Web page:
Thibodaux. Josh

J.C. Thibodaux, “The Calvinist Mitigation of the Divine Warnings Given to the Saints”

, posted by JC_Thibodaux

  Central to the debate over inevitable perseverance are the the numerous warnings in scripture cautioning the saints against falling away. A prominent explanation offered as to why the scriptures would say such things, if falling away is not truly possible for a believer, is that God uses such warnings as a means to spur Christians on to perseverance. Despite these efforts, the scriptural warnings addressed to genuine believers, some of which pronounce eternal destruction for violating certain commandments of God, constitute an airtight argument against the Calvinist teaching of inevitable perseverance of the saints, in that teaching that what the scriptures warn against could not truly occur strips the divine warnings of all relevance, making them of no effect.

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J.C. Thibodaux, “Response to Desiring God on Original Sin”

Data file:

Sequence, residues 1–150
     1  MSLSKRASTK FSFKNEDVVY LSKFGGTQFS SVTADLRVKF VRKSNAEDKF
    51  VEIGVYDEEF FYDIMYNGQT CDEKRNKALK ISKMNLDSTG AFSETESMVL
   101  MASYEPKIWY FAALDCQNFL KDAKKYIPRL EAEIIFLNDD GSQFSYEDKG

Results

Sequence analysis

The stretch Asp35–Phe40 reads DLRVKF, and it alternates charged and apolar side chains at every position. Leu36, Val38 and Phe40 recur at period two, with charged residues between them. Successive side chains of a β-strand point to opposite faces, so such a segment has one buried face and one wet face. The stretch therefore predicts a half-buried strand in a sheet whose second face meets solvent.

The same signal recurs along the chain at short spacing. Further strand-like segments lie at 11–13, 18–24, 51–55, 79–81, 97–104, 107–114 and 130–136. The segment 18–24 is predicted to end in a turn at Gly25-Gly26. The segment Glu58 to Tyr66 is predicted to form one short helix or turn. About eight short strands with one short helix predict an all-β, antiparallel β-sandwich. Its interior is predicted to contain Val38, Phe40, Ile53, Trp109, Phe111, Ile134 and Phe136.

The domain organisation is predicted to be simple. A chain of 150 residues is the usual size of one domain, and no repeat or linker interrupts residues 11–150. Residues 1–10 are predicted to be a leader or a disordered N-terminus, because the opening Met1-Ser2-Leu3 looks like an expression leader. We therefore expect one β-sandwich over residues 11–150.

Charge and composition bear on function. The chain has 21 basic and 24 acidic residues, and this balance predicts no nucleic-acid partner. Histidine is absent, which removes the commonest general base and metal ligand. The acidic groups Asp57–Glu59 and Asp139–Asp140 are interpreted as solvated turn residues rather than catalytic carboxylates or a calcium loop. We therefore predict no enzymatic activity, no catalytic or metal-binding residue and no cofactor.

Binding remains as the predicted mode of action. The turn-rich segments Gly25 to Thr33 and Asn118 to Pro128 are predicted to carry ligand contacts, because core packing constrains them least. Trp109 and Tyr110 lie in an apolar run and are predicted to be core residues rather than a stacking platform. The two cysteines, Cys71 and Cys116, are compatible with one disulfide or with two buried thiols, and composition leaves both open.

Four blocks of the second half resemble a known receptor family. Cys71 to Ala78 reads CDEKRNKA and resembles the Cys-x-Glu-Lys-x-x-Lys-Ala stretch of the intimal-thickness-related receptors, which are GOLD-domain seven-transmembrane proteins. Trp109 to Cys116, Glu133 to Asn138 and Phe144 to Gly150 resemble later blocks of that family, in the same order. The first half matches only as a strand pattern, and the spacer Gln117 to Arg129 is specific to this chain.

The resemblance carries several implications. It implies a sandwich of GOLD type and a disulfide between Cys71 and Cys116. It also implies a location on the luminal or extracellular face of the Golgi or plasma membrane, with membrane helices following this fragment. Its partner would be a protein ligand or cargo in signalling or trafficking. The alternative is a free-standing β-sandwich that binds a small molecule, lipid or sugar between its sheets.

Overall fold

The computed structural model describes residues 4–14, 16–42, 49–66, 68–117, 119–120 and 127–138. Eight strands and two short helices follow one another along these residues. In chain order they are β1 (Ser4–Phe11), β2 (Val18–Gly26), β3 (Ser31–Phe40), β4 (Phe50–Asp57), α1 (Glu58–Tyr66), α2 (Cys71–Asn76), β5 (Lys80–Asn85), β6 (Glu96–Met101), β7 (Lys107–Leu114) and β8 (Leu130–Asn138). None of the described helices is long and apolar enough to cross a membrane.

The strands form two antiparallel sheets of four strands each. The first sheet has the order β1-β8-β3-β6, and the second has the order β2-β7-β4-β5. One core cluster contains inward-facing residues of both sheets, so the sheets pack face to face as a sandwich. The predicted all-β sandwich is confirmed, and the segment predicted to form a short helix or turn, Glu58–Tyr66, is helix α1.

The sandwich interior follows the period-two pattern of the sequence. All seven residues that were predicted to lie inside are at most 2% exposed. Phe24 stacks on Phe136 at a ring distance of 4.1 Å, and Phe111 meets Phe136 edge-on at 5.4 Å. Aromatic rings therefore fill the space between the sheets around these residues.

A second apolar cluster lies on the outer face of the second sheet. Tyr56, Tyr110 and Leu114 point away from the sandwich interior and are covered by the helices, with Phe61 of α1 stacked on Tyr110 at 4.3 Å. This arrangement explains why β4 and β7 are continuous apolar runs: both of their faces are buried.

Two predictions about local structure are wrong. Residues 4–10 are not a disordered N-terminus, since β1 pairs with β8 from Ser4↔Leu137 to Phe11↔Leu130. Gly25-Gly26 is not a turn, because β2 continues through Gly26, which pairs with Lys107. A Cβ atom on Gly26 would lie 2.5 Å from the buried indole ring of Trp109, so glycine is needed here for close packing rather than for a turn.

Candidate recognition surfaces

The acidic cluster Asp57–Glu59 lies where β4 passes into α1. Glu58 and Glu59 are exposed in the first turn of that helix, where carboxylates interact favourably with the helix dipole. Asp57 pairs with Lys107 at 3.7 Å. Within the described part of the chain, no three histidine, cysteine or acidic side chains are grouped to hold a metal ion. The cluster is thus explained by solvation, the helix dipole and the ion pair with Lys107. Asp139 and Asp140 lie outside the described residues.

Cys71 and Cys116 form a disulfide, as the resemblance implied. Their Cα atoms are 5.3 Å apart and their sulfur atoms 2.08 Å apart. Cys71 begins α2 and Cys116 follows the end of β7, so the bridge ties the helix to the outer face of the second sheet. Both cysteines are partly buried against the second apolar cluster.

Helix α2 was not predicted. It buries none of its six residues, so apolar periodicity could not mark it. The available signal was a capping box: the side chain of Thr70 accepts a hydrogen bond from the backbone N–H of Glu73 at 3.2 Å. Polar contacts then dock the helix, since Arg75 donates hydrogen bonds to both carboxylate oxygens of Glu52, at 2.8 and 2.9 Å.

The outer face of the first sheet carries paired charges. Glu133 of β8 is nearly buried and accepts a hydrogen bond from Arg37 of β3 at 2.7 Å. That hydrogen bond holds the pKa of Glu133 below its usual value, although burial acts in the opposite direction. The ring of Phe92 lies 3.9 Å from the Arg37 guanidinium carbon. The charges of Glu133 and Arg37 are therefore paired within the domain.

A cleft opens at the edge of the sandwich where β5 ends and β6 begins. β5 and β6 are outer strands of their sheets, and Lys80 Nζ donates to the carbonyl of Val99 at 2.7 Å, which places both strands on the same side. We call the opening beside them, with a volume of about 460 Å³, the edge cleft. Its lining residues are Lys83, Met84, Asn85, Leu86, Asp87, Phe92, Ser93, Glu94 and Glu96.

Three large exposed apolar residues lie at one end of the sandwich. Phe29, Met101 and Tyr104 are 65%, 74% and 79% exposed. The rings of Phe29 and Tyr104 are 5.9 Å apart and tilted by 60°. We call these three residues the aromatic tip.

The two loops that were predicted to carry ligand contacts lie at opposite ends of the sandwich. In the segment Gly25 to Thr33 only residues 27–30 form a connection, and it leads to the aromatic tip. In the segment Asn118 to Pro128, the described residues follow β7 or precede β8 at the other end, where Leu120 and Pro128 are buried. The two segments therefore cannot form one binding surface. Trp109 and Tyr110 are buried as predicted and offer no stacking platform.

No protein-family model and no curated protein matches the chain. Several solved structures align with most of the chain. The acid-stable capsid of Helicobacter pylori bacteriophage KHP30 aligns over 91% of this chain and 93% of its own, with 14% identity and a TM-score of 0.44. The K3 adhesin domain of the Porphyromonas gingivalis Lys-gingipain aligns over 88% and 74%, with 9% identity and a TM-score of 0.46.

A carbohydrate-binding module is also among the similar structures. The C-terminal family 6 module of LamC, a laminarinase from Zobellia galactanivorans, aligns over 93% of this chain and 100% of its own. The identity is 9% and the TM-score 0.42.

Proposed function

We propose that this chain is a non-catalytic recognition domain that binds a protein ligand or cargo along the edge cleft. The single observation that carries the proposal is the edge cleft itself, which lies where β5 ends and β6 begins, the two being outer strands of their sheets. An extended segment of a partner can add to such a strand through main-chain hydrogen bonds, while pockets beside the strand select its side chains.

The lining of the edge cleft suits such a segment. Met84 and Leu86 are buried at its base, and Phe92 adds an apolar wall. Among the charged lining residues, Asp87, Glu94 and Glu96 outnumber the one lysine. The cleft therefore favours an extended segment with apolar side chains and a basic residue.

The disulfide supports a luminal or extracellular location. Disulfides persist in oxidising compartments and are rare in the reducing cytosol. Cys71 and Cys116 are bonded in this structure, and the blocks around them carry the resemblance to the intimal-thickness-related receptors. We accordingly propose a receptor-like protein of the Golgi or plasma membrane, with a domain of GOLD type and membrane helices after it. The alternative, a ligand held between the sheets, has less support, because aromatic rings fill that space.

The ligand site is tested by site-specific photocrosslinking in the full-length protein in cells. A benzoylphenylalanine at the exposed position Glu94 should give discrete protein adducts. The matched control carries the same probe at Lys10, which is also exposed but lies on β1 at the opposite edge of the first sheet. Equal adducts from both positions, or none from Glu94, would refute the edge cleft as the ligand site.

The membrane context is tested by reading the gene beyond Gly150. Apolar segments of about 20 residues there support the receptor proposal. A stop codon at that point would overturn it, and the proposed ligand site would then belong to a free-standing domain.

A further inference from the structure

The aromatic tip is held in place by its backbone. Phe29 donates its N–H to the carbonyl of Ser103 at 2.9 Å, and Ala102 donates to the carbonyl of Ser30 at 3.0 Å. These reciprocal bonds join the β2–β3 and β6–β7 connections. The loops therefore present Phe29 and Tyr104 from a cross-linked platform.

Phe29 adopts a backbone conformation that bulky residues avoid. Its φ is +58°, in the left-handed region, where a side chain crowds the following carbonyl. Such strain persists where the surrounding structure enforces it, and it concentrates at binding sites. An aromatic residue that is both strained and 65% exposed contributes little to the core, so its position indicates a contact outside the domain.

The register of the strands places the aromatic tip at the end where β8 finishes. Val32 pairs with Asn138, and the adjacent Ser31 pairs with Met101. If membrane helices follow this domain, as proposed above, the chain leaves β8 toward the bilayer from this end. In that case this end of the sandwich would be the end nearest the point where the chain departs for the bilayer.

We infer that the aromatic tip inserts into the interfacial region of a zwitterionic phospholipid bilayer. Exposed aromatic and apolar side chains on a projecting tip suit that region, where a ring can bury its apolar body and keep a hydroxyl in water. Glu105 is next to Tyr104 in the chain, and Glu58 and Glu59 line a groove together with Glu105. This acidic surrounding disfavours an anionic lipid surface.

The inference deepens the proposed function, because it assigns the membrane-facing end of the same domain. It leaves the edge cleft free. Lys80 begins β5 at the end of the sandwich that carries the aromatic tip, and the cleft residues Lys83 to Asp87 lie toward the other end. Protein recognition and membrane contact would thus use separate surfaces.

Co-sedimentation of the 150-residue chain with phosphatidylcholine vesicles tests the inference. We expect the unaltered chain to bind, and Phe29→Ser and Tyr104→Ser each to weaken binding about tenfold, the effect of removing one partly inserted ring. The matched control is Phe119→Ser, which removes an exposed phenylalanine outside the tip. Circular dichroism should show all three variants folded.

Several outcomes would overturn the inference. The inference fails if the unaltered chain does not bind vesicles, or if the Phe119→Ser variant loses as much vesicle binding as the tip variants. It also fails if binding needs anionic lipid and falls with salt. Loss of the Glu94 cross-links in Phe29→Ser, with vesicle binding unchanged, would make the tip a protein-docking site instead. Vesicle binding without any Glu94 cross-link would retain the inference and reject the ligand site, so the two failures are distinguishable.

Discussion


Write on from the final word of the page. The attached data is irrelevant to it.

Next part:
, posted by JC_Thibodaux

The following is an analysis and response to the article, What is the biblical evidence for the imputation of Adam’s Sin?, by Desiring God Ministries, retrieved from,

http://www.desiringgod.org/ResourceLibrary/Articles/ByDate/2006/1451_What_is_the_biblical_evidence_for_the_imputation_of_Adams_Sin/

I’ve recently been debating the issue of original sin. I do hold very firmly that it is by Adam’s sin that sin entered into the world and has tainted the nature of his descendants, but am much against the idea that all men are guilty of Adam’s sin. I recently debated the subject on Reformed Mafia, and now take on an article written by the staff of John Piper’s ‘Desiring God’ ministries. We go over their primary pieces of evidence with rebuttal. Piper opens his case for the Calvinist view of original sin with:

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Synergism as a Model for God’s Glory

, posted by JC_Thibodaux